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Boss Level 4K 2020 Ultra HD 2160p
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Boss Level 4K 2020 Ultra HD 2160p

Country: USA
Genre: Thriller, Action
IMDB: 6.8
Producer: Joe Carnahan
Cast: Frank Grillo, Mel Gibson, Naomi Watts, Michelle Yeoh, Will Sasso, Annabelle Wallis, Sheaun McKinney, Selina Lo, Ken Jeong, Meadow Williams, Mathilde Ollivier, Rio Grillo, Armida Lopez, Buster Reeves, Eric Etebari, Quinton 'Rampage' Jackson, Rashad Evans, Joe Knezevich.
Boss Level 4K 2020 Ultra HD 2160p

The focus will be the story of a retired special forces veteran named Roy (Frank Grillo), caught in an endless time loop and forced to live the same day over and over again, which ends in his death. To get out of the endless stream of misery, the protagonist needs to find his killer, who is the main boss.

Boss Level 4K Review
Roy (Frank Grillo) wakes up to a sharp machete pointed over his head. An enraged killer is in front of him, an attack helicopter is outside his window, and everyone naturally wants him dead. With practiced movements he eliminates threats, but without much enthusiasm. After all, Roy is caught in a time loop and knows for sure - after these two there will be a dozen more killers. But how he ended up in this position, and why exactly they want to kill so many people, Roy has no idea. He only guesses that all this is somehow connected with his wife (Naomi Watts), who was working on some top-secret project under the supervision of a tough military man (Mel Gibson).

Roy tells the viewer about his situation with quips and cynical smirks in the first few minutes - "Boss Level" (or Boss Level in the original) kicks off from the get-go, hiding the exposition in jaunty monologues. At first, this seems like a win-win solution: yes, voice-over is considered a "low" gimmick, but in this case it saves you from even more of a truism: the obligatory time loop episodes where the hero first encounters a new reality and tries to get used to it. There's no procrastination here - director Joe Carnahan rushes right into the action, into the thick of it, into the whirlwind of explosions, shootouts and spectacularly severed heads.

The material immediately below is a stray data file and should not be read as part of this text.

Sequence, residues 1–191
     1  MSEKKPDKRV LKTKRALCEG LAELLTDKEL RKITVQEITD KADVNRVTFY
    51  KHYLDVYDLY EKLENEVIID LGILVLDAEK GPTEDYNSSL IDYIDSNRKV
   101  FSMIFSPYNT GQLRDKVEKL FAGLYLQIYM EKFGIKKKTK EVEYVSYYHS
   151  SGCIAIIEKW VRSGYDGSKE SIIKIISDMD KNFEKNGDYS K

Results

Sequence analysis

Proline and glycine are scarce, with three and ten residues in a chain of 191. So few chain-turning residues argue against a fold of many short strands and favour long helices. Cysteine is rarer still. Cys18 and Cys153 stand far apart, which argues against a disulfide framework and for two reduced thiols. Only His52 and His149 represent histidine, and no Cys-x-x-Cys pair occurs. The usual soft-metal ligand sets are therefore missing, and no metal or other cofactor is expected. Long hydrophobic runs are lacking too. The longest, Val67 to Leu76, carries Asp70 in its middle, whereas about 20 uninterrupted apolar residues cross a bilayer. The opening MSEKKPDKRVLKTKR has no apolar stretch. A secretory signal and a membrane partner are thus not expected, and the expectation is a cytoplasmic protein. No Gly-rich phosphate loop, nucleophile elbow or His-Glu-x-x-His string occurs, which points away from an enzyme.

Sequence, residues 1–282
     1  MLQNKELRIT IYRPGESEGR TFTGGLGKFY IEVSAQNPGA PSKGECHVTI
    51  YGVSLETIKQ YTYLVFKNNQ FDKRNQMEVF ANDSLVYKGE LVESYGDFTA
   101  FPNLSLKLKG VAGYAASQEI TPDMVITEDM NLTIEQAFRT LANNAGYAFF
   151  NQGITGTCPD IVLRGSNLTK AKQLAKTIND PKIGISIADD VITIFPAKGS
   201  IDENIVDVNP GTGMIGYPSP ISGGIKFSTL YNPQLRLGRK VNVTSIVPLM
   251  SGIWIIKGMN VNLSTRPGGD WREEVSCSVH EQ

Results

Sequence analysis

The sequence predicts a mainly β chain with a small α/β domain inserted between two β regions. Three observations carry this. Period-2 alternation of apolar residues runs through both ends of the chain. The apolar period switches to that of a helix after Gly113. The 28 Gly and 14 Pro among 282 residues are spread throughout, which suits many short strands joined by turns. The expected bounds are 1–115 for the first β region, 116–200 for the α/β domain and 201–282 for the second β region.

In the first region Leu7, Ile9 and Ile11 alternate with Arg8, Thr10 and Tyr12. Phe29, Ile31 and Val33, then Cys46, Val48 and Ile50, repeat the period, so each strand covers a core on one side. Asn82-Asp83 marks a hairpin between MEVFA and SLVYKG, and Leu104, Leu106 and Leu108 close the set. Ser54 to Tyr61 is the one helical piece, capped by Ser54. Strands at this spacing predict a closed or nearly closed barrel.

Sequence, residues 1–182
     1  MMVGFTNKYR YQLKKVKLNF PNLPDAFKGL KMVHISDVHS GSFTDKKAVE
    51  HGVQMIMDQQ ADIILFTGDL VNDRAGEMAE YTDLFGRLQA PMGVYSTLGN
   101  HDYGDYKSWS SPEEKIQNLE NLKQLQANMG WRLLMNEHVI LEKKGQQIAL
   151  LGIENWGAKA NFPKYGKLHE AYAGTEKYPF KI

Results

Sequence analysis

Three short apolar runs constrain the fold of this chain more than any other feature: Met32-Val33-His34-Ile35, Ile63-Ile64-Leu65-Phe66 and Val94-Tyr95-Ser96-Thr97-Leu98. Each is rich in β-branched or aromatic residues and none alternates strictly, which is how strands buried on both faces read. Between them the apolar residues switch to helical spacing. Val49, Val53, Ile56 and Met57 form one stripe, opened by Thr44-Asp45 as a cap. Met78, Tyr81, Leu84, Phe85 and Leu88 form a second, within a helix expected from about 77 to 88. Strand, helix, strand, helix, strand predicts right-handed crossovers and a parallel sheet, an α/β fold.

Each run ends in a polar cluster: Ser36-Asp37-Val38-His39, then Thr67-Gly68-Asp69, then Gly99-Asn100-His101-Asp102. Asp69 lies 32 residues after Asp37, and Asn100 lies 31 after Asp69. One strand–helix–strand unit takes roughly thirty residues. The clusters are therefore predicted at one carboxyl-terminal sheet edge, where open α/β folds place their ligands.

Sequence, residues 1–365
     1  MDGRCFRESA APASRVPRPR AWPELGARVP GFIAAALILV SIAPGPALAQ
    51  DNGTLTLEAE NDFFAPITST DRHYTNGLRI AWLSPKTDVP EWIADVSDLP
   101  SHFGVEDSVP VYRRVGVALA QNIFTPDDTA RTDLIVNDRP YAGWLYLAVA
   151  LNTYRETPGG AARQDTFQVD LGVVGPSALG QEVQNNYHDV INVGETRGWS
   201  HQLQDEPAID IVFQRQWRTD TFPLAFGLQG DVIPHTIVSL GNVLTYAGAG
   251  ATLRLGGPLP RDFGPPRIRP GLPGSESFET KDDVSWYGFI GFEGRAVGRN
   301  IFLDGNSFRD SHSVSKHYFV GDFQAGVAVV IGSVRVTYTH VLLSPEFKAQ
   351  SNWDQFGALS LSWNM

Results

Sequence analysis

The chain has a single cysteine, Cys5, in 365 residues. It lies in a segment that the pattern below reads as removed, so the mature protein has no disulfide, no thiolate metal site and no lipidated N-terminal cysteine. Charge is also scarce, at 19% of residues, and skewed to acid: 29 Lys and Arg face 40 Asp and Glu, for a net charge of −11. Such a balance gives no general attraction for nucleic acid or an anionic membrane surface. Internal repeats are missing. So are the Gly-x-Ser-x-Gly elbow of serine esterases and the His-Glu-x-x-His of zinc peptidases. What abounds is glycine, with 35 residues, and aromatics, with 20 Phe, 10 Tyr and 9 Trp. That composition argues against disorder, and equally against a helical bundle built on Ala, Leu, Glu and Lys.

Curiously, he has already used a similar dramaturgical device in "The Clash" - there the viewer first learns that Liam Neeson's character (who, incidentally, is remembered ironically in "The Day of the Kurk") was in a plane crash and found himself almost alone with the elements and hungry wolves, and then - about his personal trauma, adding an additional psychological dimension to the story of survival. Here, too, we first see Roy in his new reality and then gradually realize how he got there and what he must do. In "The Day of the Kurk," however, Carnahan does not do it as well: the hidden backstory keeps coming out in the form of flashbacks and other retardations. The speed picked up in the beginning is lost in the middle, the drive is gone, and the more slapstick drama creeps into the picture, the less space is left for simple dumb-ass hilarity. And Roy's amusing shenanigans after a while turn into a progressive explanation of what the viewer already sees on the screen without any explanation from the main character.

There are still plenty of funny jokes and successful physical gags, but Carnahan - whose last film was released back in 2014 - seems to have lost his touch over the years, lost his former flair for genre texture. He used to be able to balance between the aesthetics of octogenarian B-movies and postmodern narratives, to remain both a retrograde and a very modern director. "Boss Level" looks like a reminiscence from the past, the recent, unpretentious past, when you could still surprise someone with edgy dialogs, and good CGI was the privilege of only blockbusters (Carnahan's bad graphics are obviously not part of the artistic solution).

These are different times, and no one is surprised by action eccentricities: there's Kingsman, there's "Guns of Akimbo," there's, after all, the third "John Wick." "Boss Level" could play on the field of this sort of modern "bash," but for that it has too much of a sassy retrograde attitude (out of nowhere, ahem, an emerging '80s arcade game tournament) that separates it sharply from some Craig S. Zahler - who, I believe, genuinely thinks like an old-school grindhouse director. No, Carnahan's film is closer not to the old VHS action movies, but to the conditional "Project Power," the mid-budget misfires that Netflix produces in packs to fill up the library with something. In this sense, "Boss Level", for all its paradoxical lack of modernity, is quite a product of its time.

File size: 26.5 GB


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Trailer Boss Level 4K 2020 Ultra HD 2160p
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